I was in Miami doing a story and I was pretty sure I was about to lose the job I’d had and loved for the past year and a half not because there was anything wrong with me but because of forces beyond my control. It was a business trip, but it wasn’t a business trip where you trash hotel rooms and buy people bottles of Champagne at strip clubs — I was staying with a guy named Greg who was a friend of a friend. I was trying to save money for the publication I worked for, I was trying to save money myself, JUST IN GENERAL NOT TRYING TO SPEND MONEY, and then I saw a MIU MIU wallet in a fancy second-hand store and I just lost my shit.
I had $900 dollars in the bank and this wallet was like $120. “Wow,” I said, when the saleswoman showed it to me. “That is a sweet fucking wallet.” It was black and soft as a lab mix. It said MIU MIU on it in tiny capital letters. And when you opened it, a surprise, the credit-card slots were beige and pink and off-white.
I texted several photos of it to my friend, who is also a writer. We spend half our time telling each other how great we are and the other making jokes about how we have no money.
“That tri-color inside is very classy,” he wrote back.
“I feel that it’s an investment in future success,” I said. “A way of saying to myself I matter.”
He wrote back, “I think you’re onto something.”
I wanted it so bad I felt like I was going to burst into tears. I was writing an article about climate change and feeling very freaked out and wanting the wallet felt more pleasant than wanting the world to be better but it still didn’t feel THAT good. Wanting it reminded me that I shouldn’t buy it. I decided not to get it. It was stupid. But then my friend wrote me: “Did you get the wallet.” And I said, “NO I can’t.” And he said, “Are you still thinking about it?” and I said, “YES I FEEL LIKE I AM THINKING ABOUT A PERSON I AM IN LOVE WITH BUT CAN’T HAVE,” and he said “YOU HAVE TO GET IT.” And I bought it, tingling with excitement.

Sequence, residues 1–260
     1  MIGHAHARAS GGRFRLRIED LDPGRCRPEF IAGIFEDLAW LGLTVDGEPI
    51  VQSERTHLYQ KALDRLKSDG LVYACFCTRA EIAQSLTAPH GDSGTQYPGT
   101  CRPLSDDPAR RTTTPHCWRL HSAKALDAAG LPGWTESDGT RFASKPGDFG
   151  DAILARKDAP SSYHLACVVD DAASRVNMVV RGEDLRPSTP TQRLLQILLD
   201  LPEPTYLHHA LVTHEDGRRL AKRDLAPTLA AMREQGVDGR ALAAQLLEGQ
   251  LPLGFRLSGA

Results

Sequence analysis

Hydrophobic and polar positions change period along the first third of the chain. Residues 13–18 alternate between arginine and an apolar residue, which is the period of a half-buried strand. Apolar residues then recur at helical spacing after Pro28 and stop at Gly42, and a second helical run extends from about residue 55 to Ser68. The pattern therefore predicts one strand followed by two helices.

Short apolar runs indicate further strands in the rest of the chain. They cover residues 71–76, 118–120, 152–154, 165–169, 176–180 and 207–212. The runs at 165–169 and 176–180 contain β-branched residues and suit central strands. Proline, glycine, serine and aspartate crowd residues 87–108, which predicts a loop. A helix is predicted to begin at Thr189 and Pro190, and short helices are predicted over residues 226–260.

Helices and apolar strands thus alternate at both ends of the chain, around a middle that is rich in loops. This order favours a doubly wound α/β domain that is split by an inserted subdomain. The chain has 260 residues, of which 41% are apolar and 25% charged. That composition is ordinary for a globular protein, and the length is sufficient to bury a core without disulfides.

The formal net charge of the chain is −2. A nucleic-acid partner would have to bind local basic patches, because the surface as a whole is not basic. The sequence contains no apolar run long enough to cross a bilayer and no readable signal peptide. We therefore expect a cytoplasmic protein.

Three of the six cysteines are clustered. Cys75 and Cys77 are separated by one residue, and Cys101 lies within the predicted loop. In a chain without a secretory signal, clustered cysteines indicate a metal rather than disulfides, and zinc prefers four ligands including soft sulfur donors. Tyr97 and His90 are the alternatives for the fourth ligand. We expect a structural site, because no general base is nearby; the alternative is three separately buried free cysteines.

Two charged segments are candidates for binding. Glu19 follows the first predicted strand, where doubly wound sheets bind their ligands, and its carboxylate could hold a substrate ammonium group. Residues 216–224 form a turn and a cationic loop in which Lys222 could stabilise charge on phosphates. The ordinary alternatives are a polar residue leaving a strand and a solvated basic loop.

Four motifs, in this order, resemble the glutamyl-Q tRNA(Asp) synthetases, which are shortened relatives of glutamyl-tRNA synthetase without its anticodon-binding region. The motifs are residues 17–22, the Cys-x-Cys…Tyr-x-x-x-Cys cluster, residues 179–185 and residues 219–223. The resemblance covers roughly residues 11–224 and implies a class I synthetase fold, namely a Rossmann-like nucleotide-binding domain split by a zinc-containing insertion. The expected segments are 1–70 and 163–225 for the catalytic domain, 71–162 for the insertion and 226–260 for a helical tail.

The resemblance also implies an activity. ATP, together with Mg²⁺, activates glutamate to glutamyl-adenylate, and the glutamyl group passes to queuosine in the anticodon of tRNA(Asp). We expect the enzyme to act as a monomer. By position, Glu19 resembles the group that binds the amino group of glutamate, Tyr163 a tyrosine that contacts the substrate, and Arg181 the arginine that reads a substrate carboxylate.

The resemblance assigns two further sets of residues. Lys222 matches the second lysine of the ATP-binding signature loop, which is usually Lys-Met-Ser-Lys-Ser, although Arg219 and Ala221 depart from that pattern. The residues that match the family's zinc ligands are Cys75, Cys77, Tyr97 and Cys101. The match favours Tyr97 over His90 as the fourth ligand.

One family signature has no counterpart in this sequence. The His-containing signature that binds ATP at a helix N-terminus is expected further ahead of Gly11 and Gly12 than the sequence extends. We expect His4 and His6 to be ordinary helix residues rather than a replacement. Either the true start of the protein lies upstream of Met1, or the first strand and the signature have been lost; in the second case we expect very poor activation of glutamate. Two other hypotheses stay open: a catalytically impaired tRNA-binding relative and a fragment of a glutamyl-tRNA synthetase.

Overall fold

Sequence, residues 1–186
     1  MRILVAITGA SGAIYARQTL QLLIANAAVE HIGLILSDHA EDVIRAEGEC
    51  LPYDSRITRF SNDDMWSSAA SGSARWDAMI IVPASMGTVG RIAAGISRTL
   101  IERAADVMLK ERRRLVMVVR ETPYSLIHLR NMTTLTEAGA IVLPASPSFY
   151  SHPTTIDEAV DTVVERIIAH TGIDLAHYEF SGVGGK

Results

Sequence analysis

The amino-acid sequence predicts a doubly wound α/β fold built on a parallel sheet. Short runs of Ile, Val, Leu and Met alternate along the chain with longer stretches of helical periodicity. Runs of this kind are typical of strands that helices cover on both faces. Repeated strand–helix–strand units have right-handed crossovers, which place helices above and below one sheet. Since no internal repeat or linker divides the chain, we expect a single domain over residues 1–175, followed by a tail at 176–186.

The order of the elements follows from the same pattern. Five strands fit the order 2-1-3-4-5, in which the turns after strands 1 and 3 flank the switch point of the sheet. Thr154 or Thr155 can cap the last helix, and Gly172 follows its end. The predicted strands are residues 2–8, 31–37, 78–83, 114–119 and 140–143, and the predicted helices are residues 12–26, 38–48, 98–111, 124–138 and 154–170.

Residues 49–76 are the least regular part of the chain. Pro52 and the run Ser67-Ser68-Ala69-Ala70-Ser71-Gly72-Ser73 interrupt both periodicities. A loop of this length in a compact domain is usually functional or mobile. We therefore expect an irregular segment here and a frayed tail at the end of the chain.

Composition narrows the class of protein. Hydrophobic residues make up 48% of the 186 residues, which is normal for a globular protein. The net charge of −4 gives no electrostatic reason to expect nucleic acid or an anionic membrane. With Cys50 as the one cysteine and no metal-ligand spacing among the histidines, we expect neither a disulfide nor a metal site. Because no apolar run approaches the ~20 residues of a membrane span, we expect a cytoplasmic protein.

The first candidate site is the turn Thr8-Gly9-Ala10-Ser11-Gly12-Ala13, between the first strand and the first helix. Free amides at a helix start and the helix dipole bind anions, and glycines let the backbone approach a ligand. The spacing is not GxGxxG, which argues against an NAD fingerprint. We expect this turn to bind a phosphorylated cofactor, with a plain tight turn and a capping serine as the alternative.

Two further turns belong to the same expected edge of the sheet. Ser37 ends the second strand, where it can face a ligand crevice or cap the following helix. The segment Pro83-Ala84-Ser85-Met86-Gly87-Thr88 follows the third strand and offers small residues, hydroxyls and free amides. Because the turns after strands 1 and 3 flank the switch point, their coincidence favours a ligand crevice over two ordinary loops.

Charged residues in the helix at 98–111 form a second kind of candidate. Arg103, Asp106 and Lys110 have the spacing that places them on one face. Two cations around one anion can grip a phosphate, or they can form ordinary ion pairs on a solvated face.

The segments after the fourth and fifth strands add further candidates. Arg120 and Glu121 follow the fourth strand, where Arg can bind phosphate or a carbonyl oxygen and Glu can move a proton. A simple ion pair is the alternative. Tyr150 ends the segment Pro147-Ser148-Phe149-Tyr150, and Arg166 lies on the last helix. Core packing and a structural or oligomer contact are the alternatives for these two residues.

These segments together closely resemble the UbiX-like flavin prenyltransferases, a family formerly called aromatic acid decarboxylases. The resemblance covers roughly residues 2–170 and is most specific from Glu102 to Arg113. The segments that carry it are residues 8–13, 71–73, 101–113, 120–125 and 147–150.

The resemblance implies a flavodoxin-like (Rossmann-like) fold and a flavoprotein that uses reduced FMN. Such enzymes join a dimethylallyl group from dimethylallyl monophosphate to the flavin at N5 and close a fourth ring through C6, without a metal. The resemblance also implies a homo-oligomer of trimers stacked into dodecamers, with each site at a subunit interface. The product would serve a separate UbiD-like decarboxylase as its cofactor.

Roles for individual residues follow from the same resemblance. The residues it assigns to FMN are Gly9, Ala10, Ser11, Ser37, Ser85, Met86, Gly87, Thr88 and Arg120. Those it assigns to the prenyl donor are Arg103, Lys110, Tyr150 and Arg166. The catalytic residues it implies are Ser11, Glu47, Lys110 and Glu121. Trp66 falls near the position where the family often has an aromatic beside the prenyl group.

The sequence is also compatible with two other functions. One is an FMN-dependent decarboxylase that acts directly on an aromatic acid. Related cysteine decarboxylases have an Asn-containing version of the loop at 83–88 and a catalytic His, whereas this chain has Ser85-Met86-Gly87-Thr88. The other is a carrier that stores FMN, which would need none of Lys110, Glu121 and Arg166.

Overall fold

Many objects are disappointing once they are in your grasp. I only have five things that I love so much that every time I put them on I feel a pleasured sob rising in my chest: an old Mulberry bag, a pair of pearl and diamond earrings I got from my mother that my grandfather bought in Japan for my grandmother (who was probably cheating on him in the very moment he purchased them), my Spanx leggings, an army green trench coat I bought at Zara in Manchester, England, because it was raining, and my Trillbillies T-shirt. This wallet was head and shoulders above all of them.
Then, yesterday, after less than one whole year of feeling actually emotionally braced by this perfect, slightly masculine thing and opening it up to be both soothed and adored by its sweet girlish interior, of caressing its softness in my green trench-coat pocket, I somehow just dropped it on to the main street in Grass Valley, California. I have no idea what happened. I ordered, paid for, and consumed a wedge salad, had a conversation about childhood development, my mother, Nebraska, solidified some details about a family Secret Santa, walked out into the street and somehow — just — did not have my wallet. I seem to have just cast the thing into the street. I went back to the restaurant, I walked around town and went in the ramen place and the lingerie store I had walked by, just on the off chance someone had dropped it off. Then back to the restaurant, I went through the tubs of dirty dishes, I turned on my iPhone flashlight and peered inside sewer grates and garbage cans and under parked cars and it is gone.
I sat in my car and cried. How was it that I would never touch it again? I did that thing where you remind yourself it doesn’t matter. But the longing persisted. I called my boyfriend and shouted praise for my wallet. He was like “I’m sorry” which is boyfriend for “Jesus Christ.” I did not blame him. Who besides me could possibly care?
I drove to my bank. My friend Karen was working. She held up a print-out of an article. “I read your Karen article,” she said, referencing a piece I’d written about, in part, what her name means to women of my generation. “Were you mad?” I asked. “Of course not,” she said. I said some Karens were mad. She said, ha. And added, “I’m an alpha Karen,” with great pride.
She went to make sure my address was right because they need to mail me a new card. She asked me if I knew my ex was still my beneficiary.
“I did not!” We changed my beneficiary. “Can you imagine if I died and he got my vast fortune?” I said. “I would be so mad.”
We laughed, imagining this, and I felt a little better. I showed her a photo on eBay, of a wallet almost identical to the one I’d lost. “The tri-color on the inside is a very nice feature,” she said. I showed the bank manager too. “Very nice,” she agreed. “A beautiful wallet.”
I went back to the car. I had $900, the same amount I had when I bought my wallet. I felt myself starting to cry again. Stupid, I know. Very stupid. I looked at the eBay wallet again. At the BUY NOW button. I pressed it. The relief was instant.